It is a place where innovative ideas are nurtured in a gloablly connected research

community, providing unparalleled opportunites to learn, discover and contribute in

one’s own way. UBC is a place of mind.


Bacterial Adaptation

& Response Networks (BARN) ...

Graduate Programs

Cell & Developmental Biology (MSc, PhD)

Biochemistry & Molecular Biology (MSc, PhD)

BioInformatics (MSc, PhD)

Microbiology & Immunology (MSc, PhD)

Zoology (MSc, PhD)

Research Strengths & Facilities

The Bacterial Adaptation and Response Networks Research Group

includes members from the departments of Biochemistry & Molecular

Biology, Microbiology & Immunology and Zoology.

This group comprises individuals with experience and expertise in a

broad range of disciplines, including:

• Bacterial Pathogenesis

• Biochemistry

• Bioinformatics

• Chemistry

• Genetics

• Genomics

• Microbial ecology

• Microbial physiology

• Structural biology

The common thread linking all of the group members is investigation

of how bacteria adapt and respond to their environments. The

environments studied are diverse, including soil and the ocean, and

the human host for pathogenic bacteria. However, there are common

molecular mechanisms of adaptation and response to these diverse

environments. Thus, group members share common research

approaches.

Understanding gained from the study of one adaptation or

response network is applicable to others. Adaptation and response

mechanisms of particular interest to this group include:

(1) genetic regulatory networks

(2) transport of molecules across membranes and cell walls

(3) horizontal gene transfer

Investigations of these fundamental mechanisms benefit from great

intellectual and infrastructural synergy. Further, these fundamental

mechanisms also occur in multicellular organisms, making bacteria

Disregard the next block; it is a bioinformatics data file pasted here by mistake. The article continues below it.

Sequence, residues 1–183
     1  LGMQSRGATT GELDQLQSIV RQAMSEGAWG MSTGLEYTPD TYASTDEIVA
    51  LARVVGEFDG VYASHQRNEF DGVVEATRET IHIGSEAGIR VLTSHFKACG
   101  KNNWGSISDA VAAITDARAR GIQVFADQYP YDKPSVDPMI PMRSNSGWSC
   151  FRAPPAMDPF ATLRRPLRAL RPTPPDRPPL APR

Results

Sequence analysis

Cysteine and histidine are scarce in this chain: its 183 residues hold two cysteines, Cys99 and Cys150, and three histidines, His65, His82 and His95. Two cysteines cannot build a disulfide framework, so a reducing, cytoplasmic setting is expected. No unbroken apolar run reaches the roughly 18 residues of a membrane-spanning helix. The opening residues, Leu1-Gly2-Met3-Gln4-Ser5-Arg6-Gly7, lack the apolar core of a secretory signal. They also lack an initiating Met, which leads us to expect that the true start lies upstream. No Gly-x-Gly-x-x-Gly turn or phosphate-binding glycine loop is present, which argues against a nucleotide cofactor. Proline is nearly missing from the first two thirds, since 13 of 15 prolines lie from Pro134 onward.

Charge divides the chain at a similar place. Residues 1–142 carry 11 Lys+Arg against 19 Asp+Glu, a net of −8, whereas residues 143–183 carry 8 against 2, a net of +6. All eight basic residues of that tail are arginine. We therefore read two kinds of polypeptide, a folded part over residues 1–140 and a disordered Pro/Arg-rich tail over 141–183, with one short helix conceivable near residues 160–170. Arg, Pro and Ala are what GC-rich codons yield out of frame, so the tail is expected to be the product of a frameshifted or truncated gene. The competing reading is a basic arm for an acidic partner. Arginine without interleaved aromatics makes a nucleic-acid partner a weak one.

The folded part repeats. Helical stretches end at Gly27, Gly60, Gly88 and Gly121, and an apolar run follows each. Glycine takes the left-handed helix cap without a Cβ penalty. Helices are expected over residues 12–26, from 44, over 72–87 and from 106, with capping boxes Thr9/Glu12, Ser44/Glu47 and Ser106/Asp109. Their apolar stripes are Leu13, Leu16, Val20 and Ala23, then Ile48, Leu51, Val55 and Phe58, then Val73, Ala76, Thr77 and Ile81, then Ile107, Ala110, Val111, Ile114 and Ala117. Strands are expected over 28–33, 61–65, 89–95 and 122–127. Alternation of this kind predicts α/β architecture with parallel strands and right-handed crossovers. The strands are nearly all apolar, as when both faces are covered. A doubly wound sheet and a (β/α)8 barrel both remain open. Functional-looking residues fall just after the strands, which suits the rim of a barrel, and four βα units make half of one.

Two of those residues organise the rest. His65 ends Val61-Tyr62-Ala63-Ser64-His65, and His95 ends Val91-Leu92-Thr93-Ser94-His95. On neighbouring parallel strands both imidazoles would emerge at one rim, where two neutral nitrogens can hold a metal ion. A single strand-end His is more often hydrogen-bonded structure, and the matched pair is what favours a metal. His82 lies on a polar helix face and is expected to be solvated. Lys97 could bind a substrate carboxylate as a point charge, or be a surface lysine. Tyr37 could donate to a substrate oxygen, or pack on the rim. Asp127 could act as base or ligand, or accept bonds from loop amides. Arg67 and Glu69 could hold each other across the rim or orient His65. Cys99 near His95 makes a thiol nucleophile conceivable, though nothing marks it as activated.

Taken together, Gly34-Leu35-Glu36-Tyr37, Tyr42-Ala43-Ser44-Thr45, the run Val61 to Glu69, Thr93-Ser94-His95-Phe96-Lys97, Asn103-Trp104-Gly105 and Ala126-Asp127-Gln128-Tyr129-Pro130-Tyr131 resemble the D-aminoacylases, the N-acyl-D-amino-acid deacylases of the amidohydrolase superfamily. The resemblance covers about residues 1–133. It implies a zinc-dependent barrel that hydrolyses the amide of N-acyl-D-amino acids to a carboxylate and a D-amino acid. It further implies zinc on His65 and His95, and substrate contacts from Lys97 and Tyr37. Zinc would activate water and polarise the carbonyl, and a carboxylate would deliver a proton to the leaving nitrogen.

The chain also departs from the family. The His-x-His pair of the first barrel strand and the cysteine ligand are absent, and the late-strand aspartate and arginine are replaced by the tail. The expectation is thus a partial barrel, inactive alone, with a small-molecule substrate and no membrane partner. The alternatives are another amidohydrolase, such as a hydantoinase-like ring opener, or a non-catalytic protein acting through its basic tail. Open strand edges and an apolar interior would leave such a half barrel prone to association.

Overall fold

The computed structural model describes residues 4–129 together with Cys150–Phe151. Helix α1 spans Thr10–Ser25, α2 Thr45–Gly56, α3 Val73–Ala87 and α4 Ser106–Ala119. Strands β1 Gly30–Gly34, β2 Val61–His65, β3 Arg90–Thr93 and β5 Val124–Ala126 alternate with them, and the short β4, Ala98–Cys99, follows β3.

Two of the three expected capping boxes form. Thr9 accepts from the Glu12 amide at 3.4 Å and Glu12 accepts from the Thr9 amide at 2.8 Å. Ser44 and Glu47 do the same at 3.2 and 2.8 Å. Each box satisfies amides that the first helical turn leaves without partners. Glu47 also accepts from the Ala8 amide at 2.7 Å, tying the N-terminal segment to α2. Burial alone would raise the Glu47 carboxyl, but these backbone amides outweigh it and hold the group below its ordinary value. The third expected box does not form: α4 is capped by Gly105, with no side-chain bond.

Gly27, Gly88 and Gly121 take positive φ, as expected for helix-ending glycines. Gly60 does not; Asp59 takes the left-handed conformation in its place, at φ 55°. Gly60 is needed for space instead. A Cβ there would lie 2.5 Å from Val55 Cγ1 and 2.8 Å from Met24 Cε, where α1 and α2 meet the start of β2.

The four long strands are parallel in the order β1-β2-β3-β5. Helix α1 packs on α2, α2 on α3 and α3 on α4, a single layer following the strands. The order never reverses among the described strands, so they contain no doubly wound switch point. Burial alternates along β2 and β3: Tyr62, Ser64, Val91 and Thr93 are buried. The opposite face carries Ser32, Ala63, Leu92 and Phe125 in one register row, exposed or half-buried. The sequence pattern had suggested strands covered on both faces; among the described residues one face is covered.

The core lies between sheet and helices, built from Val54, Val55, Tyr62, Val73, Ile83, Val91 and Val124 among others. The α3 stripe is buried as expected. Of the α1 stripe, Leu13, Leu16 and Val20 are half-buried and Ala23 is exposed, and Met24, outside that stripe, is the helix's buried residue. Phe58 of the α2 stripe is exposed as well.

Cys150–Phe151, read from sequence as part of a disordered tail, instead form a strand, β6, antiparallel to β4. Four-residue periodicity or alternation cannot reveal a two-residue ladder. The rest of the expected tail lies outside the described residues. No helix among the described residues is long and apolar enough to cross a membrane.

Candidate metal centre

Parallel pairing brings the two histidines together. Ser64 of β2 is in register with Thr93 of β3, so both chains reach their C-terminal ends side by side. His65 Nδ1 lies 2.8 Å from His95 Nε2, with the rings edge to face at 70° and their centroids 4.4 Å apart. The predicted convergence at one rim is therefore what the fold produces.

excellent experimental systems for developing broadly applicable

knowledge.

Life Sciences Institute

email: lsi.grad@ubc.ca

web: lsi.ubc.ca

web: barn.lsi.ubc.ca

Bacterial Adaptation & Response Networks http://barn.lsi.ubc.ca


...how bacteria adapt,

respond to their environments,

& cause disease.

BARN Researchers:

William Mohn: ecology of forest soil and gut microbial communities;

bacterial steroid metabolism

J. Thomas Beatty: virus-like gene transfer agents; photosynthetic

pigment-protein complexes

Franck Duong: essential process of protein transport

Lindsay Eltis: bacterial degradation of aromatic compounds and

steroids, including lignin & cholesterol

Rachel Fernandez: molecular pathogenesis of Bordetella pertussis:

biogenesis and immunomodulatory properties of the outer

membrane

Erin Gaynor: molecular pathogenesis of foodborne human

pathogens

Steve Hallam: microbial systems ecology and functional

metagenomic screens

George Mackie: the properties of the relevant enzymes and RNA

chaperones, the functional state of the mRNA and the secondary or

tertiary structure of the RNA substrate determine its fate

Michael Murphy: mechanism of iron homeostasis in pathogenic

bacteria

Rosemary Redfield: the ability of Haemophilus influenzae to take up

DNA from their surroundings

John Smit: biotechnology applications using the S-layer of

Caulobacter

Charles Thompson: regulation of bacterial gene expression

associated with tuberculosis

Grad School @ UBC

UBC offers over 130 master’s and

doctoral degree programs in nearly

every academic field imaginable.

Discover more. www.grad.ubc.ca

Recent Publications

Fogg PC, Hynes AP, Digby E, Lang AS, Beatty JT. (2011).

Characterization of a newly discovered Mu-like bacteriophage,

RcapMu, in Rhodobacter capsulatus strain SB1003.

Virology 421:211-221

Murakami T, Burian J, Yanai K, Bibb MJ, Thompson CJ. (2011). A

system for the targeted amplification of bacterial gene clusters

multiplies antibiotic yield in Streptomyces coelicolor. PNAS

108:16020-16025.

Roberts JN, Singh R, Grigg JC, Murphy ME, Bugg TD, Eltis LD.

(2011). Characterization of dye-decolorizing peroxidases from

Rhodococcus jostii RHA1. Biochemistry 50:5108-5119.

Lin AE, Krastel K, Hobb RI, Thompson SA, Cvitkovitch DG, Gaynor

EC.(2009). Atypical roles for Campylobacter jejuni amino acid